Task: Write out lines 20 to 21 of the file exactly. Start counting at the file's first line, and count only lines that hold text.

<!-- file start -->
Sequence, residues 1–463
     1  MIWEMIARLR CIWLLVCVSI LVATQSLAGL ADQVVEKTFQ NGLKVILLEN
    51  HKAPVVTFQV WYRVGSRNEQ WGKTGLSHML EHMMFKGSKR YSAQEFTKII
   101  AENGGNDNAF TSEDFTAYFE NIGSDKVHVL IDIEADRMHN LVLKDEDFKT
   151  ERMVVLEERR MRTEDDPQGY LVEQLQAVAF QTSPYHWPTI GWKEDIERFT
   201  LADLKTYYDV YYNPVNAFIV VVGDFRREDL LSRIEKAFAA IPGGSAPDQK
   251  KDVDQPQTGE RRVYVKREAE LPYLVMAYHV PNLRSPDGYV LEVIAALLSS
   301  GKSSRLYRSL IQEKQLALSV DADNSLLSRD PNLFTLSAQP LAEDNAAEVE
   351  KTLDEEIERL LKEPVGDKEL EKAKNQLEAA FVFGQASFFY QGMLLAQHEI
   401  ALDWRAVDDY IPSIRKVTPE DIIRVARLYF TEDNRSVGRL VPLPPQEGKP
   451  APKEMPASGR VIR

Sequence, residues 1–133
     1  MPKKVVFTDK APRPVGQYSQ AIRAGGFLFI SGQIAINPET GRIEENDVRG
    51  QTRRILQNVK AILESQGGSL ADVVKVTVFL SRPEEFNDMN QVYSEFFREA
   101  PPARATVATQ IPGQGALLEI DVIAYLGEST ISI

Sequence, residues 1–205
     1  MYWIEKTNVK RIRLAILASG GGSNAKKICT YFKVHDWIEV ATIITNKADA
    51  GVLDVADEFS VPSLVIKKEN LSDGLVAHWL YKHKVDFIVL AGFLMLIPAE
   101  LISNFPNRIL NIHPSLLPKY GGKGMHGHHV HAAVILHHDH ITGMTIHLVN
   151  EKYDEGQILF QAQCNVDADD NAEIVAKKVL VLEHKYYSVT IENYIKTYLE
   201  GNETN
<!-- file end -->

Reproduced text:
   151  EKYDEGQILF QAQCNVDADD NAEIVAKKVL VLEHKYYSVT IENYIKTYLE
   201  GNETN